The SBA is proposing to change the SBIR and STTR Policy Directives in a series of clarifying amendments that provide a new layer of certainty regarding the future of SBIR contractors’ data rights and potential Phase III awards.
SBIR contractors are currently entitled to an “SBIR/STTR protection period” of four years (five years for DoD SBIR contracts) from the last deliverable during which the awardee retains the rights in data. This protection period is extended upon each subsequent related award, which can leave the contractor and the government (and potential acquiring entities) unsure of the actual length of the protection period. To provide clarity around the time period, SBA is proposing an SBIR/STTR protection period of 12 years without extensions. This is a suggested minimum, and agencies would have the discretion to adopt a longer period. Under a proposed fixed period, the value of a SBIR contractor’s data is more readily determined without an ever-changing timeframe of data rights.
On the other hand, the government has helped itself to greater rights in data. SBIR contractors currently enjoy exclusive rights in data during the four-year renewable protection period, during which the government is unable to use the data for any purpose. Under SBA’s proposed regime, the government would have some limited rights during the 12-year protection period, which include use within the government and disclosure to non-government entities upon the execution of a non-disclosure agreement. Awardee consent would not be required in this case. The proposed definitions do limit the instances in which it is appropriate to disclose data during the protection period outside the government, but this is markedly different than current policy.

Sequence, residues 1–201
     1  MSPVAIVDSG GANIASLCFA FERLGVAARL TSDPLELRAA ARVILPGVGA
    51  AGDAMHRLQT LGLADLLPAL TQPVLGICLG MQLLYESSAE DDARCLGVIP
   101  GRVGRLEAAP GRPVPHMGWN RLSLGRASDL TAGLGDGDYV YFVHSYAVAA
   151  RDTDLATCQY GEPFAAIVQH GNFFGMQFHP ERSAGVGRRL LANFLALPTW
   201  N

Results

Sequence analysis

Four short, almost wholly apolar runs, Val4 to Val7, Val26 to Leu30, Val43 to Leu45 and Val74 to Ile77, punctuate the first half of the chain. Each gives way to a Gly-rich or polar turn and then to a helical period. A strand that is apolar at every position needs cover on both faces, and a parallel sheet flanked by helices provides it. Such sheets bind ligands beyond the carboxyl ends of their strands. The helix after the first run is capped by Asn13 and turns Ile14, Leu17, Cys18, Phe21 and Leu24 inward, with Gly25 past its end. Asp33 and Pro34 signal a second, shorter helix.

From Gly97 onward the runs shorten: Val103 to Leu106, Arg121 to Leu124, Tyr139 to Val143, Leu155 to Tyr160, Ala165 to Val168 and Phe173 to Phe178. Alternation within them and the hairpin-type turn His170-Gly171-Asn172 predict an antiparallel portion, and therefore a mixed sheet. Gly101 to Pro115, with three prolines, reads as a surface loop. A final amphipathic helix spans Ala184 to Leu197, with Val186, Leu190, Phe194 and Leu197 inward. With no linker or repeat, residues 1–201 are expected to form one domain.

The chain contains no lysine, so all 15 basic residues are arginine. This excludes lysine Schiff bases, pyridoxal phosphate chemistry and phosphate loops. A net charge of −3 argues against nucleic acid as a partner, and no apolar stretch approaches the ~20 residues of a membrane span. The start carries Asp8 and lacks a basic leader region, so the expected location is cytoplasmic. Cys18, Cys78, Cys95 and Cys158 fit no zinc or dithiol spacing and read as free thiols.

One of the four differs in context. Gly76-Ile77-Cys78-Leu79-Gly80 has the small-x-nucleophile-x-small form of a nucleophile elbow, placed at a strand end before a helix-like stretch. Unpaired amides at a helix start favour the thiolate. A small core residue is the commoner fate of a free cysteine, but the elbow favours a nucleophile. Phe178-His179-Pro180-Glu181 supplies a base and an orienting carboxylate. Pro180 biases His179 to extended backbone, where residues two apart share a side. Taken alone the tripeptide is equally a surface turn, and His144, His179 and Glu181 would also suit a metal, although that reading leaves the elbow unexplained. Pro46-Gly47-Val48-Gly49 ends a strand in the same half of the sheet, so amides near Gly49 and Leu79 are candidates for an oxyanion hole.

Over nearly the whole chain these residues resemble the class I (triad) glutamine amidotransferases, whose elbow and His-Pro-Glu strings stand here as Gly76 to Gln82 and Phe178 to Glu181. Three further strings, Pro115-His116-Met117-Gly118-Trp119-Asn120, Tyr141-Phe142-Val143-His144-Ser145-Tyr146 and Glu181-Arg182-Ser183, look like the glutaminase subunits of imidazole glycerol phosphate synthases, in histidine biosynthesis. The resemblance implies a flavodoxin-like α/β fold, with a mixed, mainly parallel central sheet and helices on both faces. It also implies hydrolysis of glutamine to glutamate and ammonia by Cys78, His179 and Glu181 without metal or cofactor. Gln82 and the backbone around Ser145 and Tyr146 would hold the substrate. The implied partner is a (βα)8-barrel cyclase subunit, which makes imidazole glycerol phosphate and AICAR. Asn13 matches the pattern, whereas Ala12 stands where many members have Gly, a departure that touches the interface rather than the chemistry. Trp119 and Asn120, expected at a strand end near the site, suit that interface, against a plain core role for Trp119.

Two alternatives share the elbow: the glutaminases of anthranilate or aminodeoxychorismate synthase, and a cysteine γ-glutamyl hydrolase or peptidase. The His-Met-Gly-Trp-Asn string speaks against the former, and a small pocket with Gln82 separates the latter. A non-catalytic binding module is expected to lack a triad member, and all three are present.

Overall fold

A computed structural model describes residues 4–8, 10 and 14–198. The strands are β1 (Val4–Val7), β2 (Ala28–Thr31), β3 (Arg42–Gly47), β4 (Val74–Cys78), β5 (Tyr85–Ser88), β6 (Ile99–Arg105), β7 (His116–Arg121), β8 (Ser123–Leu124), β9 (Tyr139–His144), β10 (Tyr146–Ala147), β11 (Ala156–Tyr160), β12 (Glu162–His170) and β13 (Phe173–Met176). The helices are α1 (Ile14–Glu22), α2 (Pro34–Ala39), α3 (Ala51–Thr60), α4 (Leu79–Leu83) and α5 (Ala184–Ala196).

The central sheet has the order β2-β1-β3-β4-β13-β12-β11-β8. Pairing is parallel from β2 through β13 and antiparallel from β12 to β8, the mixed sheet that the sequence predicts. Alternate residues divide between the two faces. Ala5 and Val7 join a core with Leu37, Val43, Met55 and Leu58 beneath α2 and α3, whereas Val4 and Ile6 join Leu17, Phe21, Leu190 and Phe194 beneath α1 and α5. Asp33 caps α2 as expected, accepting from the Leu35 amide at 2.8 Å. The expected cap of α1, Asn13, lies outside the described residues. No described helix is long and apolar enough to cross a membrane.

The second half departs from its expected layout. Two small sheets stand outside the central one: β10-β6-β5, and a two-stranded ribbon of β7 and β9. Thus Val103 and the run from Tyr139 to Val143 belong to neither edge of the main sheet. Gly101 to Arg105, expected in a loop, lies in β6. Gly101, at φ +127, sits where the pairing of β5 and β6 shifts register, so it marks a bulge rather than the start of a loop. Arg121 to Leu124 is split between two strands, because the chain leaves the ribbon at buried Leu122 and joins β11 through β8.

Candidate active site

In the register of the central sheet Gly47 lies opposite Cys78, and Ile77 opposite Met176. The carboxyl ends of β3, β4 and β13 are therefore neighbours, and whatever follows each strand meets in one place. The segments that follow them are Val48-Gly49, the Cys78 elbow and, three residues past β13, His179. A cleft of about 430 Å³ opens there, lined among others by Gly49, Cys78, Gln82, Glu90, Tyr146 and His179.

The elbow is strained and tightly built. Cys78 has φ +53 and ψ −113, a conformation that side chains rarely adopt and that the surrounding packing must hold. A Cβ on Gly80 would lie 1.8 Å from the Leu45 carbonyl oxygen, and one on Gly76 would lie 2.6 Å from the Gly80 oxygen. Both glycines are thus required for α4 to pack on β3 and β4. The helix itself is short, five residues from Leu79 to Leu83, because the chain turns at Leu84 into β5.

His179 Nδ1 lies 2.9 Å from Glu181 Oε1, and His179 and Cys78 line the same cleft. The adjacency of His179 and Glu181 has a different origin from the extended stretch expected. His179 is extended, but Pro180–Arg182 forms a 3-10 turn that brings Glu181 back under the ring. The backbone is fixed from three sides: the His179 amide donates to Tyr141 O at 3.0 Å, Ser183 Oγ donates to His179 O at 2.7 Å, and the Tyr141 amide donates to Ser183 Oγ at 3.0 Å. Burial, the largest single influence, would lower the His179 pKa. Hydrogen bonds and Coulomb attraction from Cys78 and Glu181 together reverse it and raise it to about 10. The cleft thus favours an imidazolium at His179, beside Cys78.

Further, the SBA has proposed the government take unlimited rights in SBIR data after the expiration of the protection period. The current directives allow use within the government after the protection period expires. The proposed unlimited rights would allow the government to use SBIR data for any purpose, commercial or government, including in competitive procurements. So, potential buyers should be aware that the real value of the SBIR data rights will be limited to the fixed protection period.
SBA also proposes to highlight Congressional authority given to agencies to award Phase III work to the SBIR awardees that developed the technology. The NDAA of FY12, at Section 5108, included a provision to require sole source Phase III awards to those SBIR awardees, to the greatest extent practicable, upholding the policy of the SBIR program in supporting innovative small business technology. The proposed changes to the SBIR directives now require agencies to first consider whether a sole source award to the Phase I or II awardee can be made for Phase III awards. This proposed requirement and commitment to keeping follow-on awards with the awardees that developed the technology has the potential to increase valuation of SBIR contractors as they can point to an enhanced preference that is not available in traditional federal government contracts.
While the valuation of SBIR contractors may increase with a fixed protection period and enhanced direction for sole source Phase III awards, buyers will need to balance these proposals with the changes in the government’s SBIR data rights. Comments on the proposed changes are due before June 6, 2016.